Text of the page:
This brings me to a final remark about your holistic teaching approach. You created an environment that was conducive to learning. This was not a matter of owning the latest laboratory apparatus or large school budgets, but rather, the softer aspects of 'cynefin'. There is no English word that can fully captures my point here, but I know that you are familiar with this Welsh word. Here, I would like to reiterate two examples. Before going into these two memories, I should also at this point note that the Sir Thomas Jones School was historically designed as a large hospital. It looked like an over-sized albino telephone-box, characterised by high-ceilings, square-corners and very large windows. I liked it.
Admittedly, it was one of those places that felt grandeur on the inside rather than the outside. Being painted white also had its practical benefits, since the artistic defecation efforts by the local seagull population were rendered invisible to the eye.
Recollection 1: My first collection where you created an environment where the mind was allowed to truly wonder and you let silence run its course. We were all in the back-room of the class (which was enormous, despite the name), all huddled in the dark around an ambient light and a diffraction pattern. All the students hanging on your final remark on the experiment, 'you as the observer influence the outcome, such is the quantum nature of light'. What?! The silence in the room held all in suspense. The questions came reeling in, 'but what about starlight?'...
Recollection 2: My second recollection was when myself and some friends had received our A-Level results and were talking about a coming televised rugby match, debating the outcome and the form of certain players. I cannot recall what we wanted to give you, but we agreed to meet at yours to give you a gift. You greeted us into your home and we talked a little about the rugby and recent progress in Physics. You were relatable, approachable and also had to do the 'mundane stuff', such as taking your car for an MOT.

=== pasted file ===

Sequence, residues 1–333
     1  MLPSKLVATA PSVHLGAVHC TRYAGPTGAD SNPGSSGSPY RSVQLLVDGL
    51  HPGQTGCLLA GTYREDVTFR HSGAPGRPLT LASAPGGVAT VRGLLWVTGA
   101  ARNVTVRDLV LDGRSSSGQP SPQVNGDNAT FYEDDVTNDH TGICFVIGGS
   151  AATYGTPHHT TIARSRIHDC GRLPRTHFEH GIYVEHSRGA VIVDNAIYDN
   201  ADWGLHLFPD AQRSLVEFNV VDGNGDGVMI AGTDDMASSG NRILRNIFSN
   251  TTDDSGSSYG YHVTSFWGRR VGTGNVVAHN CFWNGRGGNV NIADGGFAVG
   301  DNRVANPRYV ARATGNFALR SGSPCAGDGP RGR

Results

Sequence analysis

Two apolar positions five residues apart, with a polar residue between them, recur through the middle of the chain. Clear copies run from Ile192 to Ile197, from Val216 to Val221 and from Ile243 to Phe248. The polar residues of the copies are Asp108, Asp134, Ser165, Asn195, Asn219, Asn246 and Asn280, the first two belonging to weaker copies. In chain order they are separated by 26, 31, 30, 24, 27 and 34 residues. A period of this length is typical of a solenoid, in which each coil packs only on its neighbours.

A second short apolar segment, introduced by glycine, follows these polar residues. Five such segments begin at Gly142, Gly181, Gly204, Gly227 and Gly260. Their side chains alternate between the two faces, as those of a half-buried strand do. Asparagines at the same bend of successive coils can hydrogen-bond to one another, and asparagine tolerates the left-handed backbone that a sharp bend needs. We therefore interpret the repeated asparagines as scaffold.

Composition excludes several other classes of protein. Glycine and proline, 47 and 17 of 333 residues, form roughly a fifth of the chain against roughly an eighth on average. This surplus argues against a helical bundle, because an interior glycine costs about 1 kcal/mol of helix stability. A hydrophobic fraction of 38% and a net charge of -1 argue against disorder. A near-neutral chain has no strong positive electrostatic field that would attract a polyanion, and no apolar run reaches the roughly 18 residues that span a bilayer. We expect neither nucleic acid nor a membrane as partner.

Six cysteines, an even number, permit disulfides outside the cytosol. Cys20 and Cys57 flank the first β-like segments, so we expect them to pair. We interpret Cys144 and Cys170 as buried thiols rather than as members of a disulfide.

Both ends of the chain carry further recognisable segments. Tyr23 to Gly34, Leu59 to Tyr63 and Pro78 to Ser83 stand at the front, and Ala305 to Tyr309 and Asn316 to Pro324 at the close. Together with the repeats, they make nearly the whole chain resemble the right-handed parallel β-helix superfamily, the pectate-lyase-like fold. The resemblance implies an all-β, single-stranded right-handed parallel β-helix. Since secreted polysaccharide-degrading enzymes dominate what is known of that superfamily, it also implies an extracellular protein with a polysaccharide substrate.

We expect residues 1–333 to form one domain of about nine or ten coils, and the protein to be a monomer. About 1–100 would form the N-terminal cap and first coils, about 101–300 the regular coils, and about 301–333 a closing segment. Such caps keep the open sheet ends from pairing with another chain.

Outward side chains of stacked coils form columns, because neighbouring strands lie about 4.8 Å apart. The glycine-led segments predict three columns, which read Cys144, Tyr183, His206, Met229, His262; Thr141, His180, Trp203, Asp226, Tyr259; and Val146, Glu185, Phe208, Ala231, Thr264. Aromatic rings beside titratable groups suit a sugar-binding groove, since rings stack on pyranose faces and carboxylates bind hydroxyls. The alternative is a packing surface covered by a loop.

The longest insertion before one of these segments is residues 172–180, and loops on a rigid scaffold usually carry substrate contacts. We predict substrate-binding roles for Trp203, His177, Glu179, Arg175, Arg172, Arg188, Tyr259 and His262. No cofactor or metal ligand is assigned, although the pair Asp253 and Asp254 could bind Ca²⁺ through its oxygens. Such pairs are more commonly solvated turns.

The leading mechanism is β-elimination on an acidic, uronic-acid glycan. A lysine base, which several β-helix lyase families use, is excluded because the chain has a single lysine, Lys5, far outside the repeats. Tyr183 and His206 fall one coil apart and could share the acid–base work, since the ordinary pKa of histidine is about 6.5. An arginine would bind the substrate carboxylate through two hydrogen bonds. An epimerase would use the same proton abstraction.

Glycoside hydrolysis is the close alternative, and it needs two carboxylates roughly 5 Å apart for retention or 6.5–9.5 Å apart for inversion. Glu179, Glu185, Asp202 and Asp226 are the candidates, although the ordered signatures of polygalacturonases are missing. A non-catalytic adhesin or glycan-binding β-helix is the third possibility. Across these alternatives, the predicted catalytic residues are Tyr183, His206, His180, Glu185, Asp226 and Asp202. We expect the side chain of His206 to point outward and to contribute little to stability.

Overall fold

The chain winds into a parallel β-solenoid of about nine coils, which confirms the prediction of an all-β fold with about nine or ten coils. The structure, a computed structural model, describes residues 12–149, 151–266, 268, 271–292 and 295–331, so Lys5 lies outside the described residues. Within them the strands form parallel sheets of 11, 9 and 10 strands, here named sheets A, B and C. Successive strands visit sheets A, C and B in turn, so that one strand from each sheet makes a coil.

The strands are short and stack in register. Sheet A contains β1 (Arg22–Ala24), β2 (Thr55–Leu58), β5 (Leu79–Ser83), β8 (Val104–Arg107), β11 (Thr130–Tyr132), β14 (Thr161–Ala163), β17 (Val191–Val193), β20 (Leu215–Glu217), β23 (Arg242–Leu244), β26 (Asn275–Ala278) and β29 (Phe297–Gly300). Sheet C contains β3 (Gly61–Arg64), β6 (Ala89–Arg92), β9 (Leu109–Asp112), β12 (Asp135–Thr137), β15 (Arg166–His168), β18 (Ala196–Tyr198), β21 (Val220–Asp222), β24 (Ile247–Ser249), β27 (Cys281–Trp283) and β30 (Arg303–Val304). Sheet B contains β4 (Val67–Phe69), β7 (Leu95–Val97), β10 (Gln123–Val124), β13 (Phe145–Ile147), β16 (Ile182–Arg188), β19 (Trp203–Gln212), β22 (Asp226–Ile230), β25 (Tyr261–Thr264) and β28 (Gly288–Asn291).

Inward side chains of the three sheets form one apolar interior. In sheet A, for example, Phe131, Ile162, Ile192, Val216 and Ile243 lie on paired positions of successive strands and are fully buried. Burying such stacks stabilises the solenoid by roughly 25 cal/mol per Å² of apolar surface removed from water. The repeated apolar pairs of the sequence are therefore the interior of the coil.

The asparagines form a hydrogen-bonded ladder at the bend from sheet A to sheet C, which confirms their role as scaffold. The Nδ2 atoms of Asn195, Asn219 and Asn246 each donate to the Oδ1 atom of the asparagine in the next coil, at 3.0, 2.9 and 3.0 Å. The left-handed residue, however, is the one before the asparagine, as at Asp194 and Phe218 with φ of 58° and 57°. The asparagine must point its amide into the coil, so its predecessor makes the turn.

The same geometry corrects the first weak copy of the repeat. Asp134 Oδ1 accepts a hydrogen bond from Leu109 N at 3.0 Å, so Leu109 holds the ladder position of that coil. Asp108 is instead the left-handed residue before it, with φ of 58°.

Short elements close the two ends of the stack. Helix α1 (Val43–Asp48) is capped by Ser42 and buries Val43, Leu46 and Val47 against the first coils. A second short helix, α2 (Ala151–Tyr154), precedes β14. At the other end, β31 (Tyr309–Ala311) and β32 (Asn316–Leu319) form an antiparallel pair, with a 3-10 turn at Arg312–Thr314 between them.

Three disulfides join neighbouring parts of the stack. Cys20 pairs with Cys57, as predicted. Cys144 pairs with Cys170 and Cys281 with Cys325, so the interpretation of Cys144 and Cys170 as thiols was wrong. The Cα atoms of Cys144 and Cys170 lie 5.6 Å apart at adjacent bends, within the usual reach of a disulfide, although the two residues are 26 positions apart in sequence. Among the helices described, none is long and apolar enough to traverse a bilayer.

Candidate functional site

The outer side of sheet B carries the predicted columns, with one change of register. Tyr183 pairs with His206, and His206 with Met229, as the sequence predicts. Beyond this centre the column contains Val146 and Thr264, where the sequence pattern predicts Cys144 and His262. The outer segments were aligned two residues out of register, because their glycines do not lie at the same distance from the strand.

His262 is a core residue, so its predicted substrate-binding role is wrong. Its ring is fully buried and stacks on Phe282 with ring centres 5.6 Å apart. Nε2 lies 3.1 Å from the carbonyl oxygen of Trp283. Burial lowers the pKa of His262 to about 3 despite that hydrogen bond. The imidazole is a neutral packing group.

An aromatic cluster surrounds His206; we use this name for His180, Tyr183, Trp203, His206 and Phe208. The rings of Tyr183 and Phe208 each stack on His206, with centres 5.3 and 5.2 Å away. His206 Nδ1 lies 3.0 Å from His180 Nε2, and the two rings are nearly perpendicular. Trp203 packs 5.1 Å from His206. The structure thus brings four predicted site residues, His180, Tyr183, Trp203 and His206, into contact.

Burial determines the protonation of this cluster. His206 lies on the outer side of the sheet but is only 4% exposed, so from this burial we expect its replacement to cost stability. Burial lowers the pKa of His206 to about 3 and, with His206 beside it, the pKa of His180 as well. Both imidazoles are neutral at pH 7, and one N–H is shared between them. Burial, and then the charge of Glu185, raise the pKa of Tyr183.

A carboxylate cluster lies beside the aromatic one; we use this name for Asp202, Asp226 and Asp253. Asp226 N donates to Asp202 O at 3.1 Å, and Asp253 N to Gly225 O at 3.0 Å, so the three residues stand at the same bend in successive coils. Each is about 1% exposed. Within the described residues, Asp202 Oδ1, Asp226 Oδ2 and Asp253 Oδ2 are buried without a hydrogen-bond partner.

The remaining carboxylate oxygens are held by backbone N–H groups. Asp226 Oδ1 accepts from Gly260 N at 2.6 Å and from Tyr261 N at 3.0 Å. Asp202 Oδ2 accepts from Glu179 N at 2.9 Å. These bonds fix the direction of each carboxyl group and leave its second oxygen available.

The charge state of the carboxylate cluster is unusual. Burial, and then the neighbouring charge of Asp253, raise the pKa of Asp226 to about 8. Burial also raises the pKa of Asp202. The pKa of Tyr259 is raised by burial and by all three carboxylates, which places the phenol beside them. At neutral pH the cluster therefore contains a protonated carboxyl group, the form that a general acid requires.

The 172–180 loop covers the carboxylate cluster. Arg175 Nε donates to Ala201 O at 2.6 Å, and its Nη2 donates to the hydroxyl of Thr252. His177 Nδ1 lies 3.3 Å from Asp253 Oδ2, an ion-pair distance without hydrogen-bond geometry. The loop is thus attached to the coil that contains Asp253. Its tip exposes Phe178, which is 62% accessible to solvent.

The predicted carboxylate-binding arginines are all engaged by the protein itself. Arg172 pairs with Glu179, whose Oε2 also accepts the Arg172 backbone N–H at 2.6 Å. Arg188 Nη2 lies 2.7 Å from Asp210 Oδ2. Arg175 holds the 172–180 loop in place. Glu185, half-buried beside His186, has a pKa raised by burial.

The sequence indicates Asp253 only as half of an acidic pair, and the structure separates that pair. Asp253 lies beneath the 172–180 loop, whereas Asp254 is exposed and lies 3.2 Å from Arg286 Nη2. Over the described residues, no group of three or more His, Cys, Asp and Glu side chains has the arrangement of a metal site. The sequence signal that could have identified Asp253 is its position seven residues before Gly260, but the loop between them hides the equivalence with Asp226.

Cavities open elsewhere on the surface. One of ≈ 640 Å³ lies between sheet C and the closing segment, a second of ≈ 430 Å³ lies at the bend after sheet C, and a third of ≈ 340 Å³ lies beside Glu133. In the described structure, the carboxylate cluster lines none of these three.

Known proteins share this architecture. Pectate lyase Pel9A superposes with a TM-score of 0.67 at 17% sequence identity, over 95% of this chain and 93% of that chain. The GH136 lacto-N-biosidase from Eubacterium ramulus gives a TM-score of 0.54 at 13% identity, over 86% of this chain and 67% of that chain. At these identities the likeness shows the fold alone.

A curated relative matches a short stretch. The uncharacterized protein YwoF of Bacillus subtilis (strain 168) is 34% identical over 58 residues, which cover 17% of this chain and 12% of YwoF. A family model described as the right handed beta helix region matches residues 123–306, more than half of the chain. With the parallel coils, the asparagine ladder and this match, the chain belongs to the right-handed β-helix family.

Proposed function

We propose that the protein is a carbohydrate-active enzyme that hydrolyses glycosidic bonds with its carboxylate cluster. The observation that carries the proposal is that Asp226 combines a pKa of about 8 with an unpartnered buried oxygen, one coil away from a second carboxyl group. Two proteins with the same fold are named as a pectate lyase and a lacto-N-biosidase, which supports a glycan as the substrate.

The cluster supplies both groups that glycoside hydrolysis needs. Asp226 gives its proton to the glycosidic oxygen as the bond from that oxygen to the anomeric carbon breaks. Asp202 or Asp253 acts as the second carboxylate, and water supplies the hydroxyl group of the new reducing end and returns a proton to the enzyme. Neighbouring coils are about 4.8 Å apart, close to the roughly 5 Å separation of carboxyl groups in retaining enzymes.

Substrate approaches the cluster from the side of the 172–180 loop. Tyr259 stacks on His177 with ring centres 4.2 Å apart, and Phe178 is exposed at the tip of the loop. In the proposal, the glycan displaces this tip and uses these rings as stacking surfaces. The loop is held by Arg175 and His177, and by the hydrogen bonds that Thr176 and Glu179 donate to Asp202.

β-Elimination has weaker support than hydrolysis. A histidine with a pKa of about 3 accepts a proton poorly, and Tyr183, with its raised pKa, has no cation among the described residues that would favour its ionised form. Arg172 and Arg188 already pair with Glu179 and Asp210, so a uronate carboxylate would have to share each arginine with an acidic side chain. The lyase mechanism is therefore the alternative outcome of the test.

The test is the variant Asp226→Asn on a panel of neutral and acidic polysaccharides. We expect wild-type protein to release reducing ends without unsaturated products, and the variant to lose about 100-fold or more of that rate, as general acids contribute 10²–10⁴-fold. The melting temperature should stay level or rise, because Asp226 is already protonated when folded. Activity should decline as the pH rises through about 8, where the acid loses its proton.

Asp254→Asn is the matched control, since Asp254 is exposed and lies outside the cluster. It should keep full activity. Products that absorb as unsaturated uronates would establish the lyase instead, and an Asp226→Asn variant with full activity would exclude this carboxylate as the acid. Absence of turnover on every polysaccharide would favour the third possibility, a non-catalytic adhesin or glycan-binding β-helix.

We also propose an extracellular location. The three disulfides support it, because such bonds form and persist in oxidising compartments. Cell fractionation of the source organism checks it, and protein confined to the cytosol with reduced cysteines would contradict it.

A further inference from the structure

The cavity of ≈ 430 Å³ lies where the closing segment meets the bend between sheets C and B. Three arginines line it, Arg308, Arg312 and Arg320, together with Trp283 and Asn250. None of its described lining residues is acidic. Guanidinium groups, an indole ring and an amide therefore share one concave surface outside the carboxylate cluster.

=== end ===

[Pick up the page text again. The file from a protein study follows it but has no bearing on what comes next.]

I would like to close this letter, with a mnemonic I recall from Mr Roberts's (another brilliant teacher at the school) mathematics class on Trigonometry;
'Silly Old Harry Caught A Herring Trawling Off Anglesey' - Mr Roberts, Mathematics Teacher
Who knew SOHCAHTOA could be made so locally relevant.
I now feel like that 'Herring' who left Anglesey, lured away by my own path in applied physics. If I do ever return to Anglesey in the near future, I will certainly drop a note to the school (I hope that they still have your contact details). It would be lovely to catchup for a coffee. I would very much like to hear your thoughts on the plausibility of inter-dimensional travel ('time' inferred here) within the context of the Holographic principle.
This letter is a snapshot of how you shaped the life of one person and I'm a mere 'Herring' amongst the ocean of students you have influenced. In this respect, much like the criticality of a keystone species (such as a Beaver), whom have a disproportionate influence on their environment, I do wonder why teaching is not recognised on parity with professions such as Surgeons and Barristers. Societies ought to follow Finland's example in its recognition of the teaching profession and 'unshackled' approach to education. The children of tomorrow would all benefit from more equality in education. To close, I would like to leave a note by the brilliant Raymond Williams, who, much like yourself, recognised the nuanced reality of growth, flame of curiosity and the critical role of environment within the broad spectrum of formative education.
To take intelligence as a fixed quantity, from the ordinary thinking of mechanical materialism, is a denial of the realities of growth and of intelligence itself, in the final interest of a particular model of the social system. How else can we explain the very odd principle that has been built into modern English education – that those who are slowest to learn should have the shortest time in which to learn, while those who learn quickly will be able to extend the process for as much as seven years beyond them? This is the reality of ‘equality of opportunity’, which is a very different thing from real social equality. (Raymond Williams, 1961/2011:177) - Menter, I. Raymond Williams and Education. (Bloomsbury Academic, 2020).
Until a future time Mr Rowlands, take care and I hope retirement is treating you well.